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Difference Between Traditional PBX vs VOIP vs IP PBX

Simplify your phone communication with a cost-effective, secure and reliable virtual phone solution

CallHippo Blog image
Hiba Ali

Senior Writer:

green tickDate: April 6, 2023

Are you looking for a reliable business phone system for your business?

With the advancement of technology, we are left with far too many options. As a result, businesses often struggle to choose between these three— traditional PBX, IP PBX, and PBX in VoIP phone systems.

Can a traditional phone system help you run your business? Or a PBX VoIP phone system would be the best option? Generally, both business phone solutions offer all the features you need. However, they differ dramatically in terms of upfront expenses, maintenance necessities, and required technical expertise.

This article will highlight the key difference between traditional PBX vs. hosted PBX vs. PBX for VoIP to help you choose the right one for your business. Let’s get started!

What Is PBX?

A PBX, or private branch exchange, is a telephone system that is used to connect various office desk phones to a shared network. 

In other words, it enables calls to be routed to several handsets without each extension requiring its landline from the telephone provider. Hence, an organization using PBX can make all internal calls free and transfer calls without hassle.

Besides, it enables an organization to have more physical phones than phone sets.

Types of PBX Phone Systems

A virtual PBX system might be analog, digital, or cloud-hosted.

Traditional or Analog PBX Phone Systems

 Type of PBX Phone Systems


The analog PBX or landline system, which is increasingly rare, uses the public switched telephone network (PSTN). It connects inbound and outgoing calls over traditional copper telephone landlines.


1. Internal Communication

With a PBX system, the call would be routed within, bypassing the building entirely. Add a few more phones, and the complexity of different phone lines quickly becomes unmanageable — and costly — with a standard direct line setup. 

It’s critical to remember that, while you may be concerned about the expense of a private telephone exchange, there are PBX phone systems available for small enterprises. These benefits are available without investing in a high-end, extensive company phone system.

2. Centralized Control

A PBX phone system might have a help desk feature that enables all calls received by your business’s multiple phones to be accessed by a single number. That is, rather than listing a lengthy list of unique phone numbers in directories or adverts, you may list one.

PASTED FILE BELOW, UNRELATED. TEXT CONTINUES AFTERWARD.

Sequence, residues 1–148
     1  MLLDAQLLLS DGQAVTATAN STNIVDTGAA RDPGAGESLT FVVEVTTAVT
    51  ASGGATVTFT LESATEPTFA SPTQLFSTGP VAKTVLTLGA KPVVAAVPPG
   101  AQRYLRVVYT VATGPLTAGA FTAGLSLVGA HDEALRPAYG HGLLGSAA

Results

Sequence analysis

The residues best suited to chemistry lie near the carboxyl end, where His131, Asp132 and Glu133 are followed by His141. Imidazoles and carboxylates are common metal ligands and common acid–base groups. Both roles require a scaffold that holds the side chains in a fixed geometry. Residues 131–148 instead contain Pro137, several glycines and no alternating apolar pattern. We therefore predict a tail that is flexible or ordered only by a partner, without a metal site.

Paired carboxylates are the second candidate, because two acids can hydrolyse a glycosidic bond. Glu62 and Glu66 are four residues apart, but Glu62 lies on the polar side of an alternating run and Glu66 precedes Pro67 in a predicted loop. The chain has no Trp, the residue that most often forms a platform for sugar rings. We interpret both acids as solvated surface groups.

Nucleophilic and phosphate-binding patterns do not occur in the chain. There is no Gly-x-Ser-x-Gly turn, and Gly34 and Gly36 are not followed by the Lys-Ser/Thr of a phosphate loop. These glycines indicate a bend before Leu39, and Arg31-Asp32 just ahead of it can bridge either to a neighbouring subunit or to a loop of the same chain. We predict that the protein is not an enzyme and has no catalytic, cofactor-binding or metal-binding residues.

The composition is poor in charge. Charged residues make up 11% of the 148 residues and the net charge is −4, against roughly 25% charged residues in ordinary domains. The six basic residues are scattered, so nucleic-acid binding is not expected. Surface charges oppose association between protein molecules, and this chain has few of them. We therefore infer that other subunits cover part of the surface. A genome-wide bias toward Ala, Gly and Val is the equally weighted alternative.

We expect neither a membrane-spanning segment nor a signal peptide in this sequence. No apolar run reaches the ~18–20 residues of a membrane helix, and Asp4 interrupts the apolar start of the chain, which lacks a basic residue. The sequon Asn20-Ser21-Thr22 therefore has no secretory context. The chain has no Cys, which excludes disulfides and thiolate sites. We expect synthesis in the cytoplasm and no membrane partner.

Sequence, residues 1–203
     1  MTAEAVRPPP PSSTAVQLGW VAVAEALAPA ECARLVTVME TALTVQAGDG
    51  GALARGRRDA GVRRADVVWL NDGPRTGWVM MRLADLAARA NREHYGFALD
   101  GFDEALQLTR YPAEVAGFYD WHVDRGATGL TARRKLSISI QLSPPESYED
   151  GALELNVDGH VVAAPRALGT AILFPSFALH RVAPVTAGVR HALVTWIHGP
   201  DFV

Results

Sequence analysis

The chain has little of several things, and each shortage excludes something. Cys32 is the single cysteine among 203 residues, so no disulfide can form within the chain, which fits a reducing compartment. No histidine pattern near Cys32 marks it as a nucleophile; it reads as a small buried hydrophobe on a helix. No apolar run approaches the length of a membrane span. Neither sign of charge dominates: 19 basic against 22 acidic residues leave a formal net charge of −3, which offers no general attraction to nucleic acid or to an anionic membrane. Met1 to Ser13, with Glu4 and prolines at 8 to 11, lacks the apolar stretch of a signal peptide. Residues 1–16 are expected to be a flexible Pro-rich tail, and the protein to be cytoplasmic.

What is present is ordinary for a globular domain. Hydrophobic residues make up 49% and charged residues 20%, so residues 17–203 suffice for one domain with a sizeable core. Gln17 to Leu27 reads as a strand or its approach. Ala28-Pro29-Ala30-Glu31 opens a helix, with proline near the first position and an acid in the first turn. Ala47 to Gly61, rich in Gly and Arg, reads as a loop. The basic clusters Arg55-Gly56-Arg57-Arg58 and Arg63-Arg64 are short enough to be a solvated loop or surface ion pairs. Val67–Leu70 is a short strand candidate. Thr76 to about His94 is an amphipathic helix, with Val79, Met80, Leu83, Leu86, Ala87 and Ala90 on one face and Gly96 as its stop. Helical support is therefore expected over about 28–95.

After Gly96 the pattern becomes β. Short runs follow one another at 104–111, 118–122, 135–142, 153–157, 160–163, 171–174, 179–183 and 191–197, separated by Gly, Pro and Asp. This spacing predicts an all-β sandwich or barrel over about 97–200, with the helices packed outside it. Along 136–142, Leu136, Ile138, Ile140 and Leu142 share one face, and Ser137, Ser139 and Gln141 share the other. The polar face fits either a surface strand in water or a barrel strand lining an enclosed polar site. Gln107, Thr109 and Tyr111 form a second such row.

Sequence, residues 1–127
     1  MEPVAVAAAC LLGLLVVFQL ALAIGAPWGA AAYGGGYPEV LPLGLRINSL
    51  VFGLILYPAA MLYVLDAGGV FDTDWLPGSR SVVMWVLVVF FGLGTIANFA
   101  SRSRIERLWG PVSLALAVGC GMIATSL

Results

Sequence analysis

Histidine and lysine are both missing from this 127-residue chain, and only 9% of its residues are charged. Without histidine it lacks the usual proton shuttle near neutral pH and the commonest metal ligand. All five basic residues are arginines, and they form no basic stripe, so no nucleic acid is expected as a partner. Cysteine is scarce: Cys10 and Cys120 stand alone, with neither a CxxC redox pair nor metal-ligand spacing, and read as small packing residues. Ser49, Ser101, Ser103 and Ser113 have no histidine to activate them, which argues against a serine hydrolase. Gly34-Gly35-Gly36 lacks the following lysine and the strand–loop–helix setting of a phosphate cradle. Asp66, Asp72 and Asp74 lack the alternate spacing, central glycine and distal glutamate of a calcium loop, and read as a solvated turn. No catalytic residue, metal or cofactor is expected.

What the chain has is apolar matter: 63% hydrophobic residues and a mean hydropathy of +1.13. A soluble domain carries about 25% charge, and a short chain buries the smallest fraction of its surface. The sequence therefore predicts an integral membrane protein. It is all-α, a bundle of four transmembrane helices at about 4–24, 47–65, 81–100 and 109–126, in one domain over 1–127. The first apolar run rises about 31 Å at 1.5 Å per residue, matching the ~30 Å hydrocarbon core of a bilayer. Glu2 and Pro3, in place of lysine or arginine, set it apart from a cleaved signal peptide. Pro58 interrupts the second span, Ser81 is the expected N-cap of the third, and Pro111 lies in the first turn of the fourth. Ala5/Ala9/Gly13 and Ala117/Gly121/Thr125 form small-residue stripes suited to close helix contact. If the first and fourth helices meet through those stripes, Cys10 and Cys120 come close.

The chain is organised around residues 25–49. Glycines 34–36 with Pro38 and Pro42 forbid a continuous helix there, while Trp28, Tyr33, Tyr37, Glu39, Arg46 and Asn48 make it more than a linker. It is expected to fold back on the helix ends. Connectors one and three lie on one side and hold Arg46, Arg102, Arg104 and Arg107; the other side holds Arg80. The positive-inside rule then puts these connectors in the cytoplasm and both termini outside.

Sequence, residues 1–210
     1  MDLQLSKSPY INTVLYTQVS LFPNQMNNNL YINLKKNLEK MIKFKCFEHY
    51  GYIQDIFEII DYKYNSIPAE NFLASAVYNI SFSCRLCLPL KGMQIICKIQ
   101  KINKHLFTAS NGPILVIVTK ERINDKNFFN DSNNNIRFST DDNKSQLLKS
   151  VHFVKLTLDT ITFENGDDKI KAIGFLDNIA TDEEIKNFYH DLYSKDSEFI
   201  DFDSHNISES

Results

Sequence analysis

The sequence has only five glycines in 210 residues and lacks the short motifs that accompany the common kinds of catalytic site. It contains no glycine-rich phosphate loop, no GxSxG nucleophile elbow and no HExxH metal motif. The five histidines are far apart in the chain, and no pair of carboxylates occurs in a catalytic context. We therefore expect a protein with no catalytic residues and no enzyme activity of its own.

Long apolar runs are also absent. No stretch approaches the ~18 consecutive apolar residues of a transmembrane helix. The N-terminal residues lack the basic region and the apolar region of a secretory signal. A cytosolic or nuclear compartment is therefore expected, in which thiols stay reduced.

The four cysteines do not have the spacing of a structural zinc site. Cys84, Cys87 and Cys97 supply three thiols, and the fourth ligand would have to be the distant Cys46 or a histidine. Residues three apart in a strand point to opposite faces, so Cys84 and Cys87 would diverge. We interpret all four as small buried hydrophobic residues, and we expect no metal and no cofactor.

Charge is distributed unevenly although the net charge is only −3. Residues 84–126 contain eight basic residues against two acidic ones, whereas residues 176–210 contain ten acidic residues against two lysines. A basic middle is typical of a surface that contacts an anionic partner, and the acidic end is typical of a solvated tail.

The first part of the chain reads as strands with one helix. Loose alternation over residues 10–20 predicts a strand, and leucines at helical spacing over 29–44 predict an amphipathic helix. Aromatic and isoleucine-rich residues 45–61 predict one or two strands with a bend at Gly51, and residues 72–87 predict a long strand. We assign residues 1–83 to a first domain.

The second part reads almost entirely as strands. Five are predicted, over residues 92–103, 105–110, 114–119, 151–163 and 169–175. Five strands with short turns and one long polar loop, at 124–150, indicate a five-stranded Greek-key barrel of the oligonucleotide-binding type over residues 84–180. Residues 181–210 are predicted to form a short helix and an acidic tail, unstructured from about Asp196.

3. Automation

One of the benefits of a PBX phone system is eliminating the need for a receptionist. Typically, PBX auto attendants allow callers to enter an extension number to bypass what would otherwise be a protracted menu process.

4. Flexible Call Routing

Because calls can be forwarded, you can build up a series of backup routings if a critical employee, such as a sales manager, leaves their desk. For example, the call will be transferred to another sale reap. These choices enable you to ensure that critical customer calls do not go to voicemail or go unanswered.


Businesses are increasingly moving away from premise-based PBXs, and there are several reasons why not upgrading and implementing Hosted PBX can hinder your business’s performance:

1. Poor Customer Service

Several industry experts claim that customer service is more important than the product. You may not know the answers to customer questions if you have a premise-based PBX.

The customer-service enriching features that Hosted PBX providers are simply not available on premise-based PBXs. Features such as call queue analytics, call recording, etc., will greatly improve your company’s customer service, resulting in happier, more satisfied customers.

2. More Downtime

“Single Points of Failure” refer to premise-based PBX systems. A single point of failure is an element of a phone system that, if it fails, will stop the entire system. This isn’t a good thing. The worst part is that when it fails, you must wait for your vendor to drive over with a spare, which takes days.

3. Inflexible

As another limitation of the traditional PBX phone system, your phone can only make and receive calls where it is physically installed. For example, when moving into a new building, you must reinstall your entire phone system at a new location.

Likewise, you will not be able to make or receive calls if you leave for a business trip or work from home. All companies require mobility and flexibility, which the traditional PBX cannot provide.

IP-PBX Phone Systems (Hosted PBX)

IP-PBX Phone Systems


A hosted PBX, or VoIP PBX, provider transfers your calls to a reliable VoIP system. The VoIP desk phone replaces your company’s regular landlines and utilizes a digital networking protocol commonly known as IP (Internet protocol) for internal calls. Hence, they are called IP PBX solutions. 

They convert the digital signals directly, and callers use phone lines securely connected to the public switched telephone network (PSTN).